I love Thai chilies. They're cute. They're colorful. They're incredibly hot, bordering on incendiary. These bad boys will LIGHT. YOU. UP.
I have a warm spot in my heart for these chilies in my cooking (or it might be due to these, either way). Since these blazing peppers are so crazy hot I only need a few each week. When I go shopping at the farmer's market, I only pick up a few for various curries and stir fries I'll make for the next seven days' worth of meals.
Now I like to take heat, but like any average white boy I burn easily in every regard. When it comes to heat from the sun sun I don't tan, but rather turn as red as a crawdad in gumbo. This is followed by lots of peeling and freckling. I then bitch about this to anyone in hearing distance.
When it comes to heat in my food I like to think I learned rather well from my mom, the Tabasco Queen. She can put peppers away like no one's business; it's a trait I've strived to pick up. Still these Thai chilies are something else and more than four or five (seeds included) is too much for me.
When I first started going to the farmers' market I always did a bulk of my shopping at the Hmong produce stall. After picking out everything I needed I would toss a few (read: six, tops) chilies into a bag and ask how much. Whoever was behind the stall would just look at me, smile, and shake their head.
While I would normally be thrilled with free produce, the way I was waved off was upsetting. I wasn't getting enough chilies to even bother being charged. There was such pity in their eyes, their voices belied sarcasm and humor. They thought I was a wuss. When it came to taking the heat both in my kitchen and food I was a failure to them. My paltry sum of peppers wasn't even worth charging.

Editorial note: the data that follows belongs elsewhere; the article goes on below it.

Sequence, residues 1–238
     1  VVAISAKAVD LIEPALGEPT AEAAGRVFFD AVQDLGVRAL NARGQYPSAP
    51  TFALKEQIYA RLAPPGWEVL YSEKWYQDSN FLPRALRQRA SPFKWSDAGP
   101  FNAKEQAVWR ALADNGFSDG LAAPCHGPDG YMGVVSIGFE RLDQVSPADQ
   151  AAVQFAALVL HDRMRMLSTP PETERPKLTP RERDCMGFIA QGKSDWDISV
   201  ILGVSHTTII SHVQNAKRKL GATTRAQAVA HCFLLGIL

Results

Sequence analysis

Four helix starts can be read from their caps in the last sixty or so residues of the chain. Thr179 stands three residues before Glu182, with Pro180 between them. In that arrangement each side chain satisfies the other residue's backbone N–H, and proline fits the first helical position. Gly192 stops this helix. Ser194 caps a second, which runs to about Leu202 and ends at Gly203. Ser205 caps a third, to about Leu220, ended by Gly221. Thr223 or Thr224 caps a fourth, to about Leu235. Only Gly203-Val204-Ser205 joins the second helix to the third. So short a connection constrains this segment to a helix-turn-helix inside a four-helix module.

These were pity peppers.
However, since I loved these chilies' fire and flavor I would put up with it. Soon they recognized me and my pattern. Eventually whenever I came to their stall they'd just throw in a few peppers with my bag of lemongrass and opal basil. A prize at the bottom. No charge. I was cute, I suppose. The guy who likes to cook with only a few chili peppers was to be indulged. They'd laugh as they handed me the bag and gave me my change. I'd laugh with them, a bit irked by the encounter and at the same time amused. Free chilies are free chilies, after all.
It was only recently that I picked up a good tip to remedy my embarrassment. When I was shopping with cookbook author and friend Sheng Yang, an expert in Hmong cooking, she suggested I just buy a bunch and freeze them. "It's what most people do," she said.
By god, it was so simple! I could actually pay for the peppers and maintain a bit of dignity. No more, "Free." This wasn't about saving money, this was about saving face.
The next weekend I marched right up to the Hmong produce booth. After I filled a few bags with herbs and eggplants I handed them over to be weighed. The ancient lady behind the booth smiled at me showing the smile lines in her face, a lithograph of her life's laughter. She said hello and asked how I was. "Very well," I said. Her smile widened and she reached to grab a smattering of chilies. I raised my hand and stopped her.
She cheered as I plunged my hand into the produce box of colorful capsicums. I emptied two handfuls into a plastic bag and handed it to her. Her grin widened to match the one I was giving her.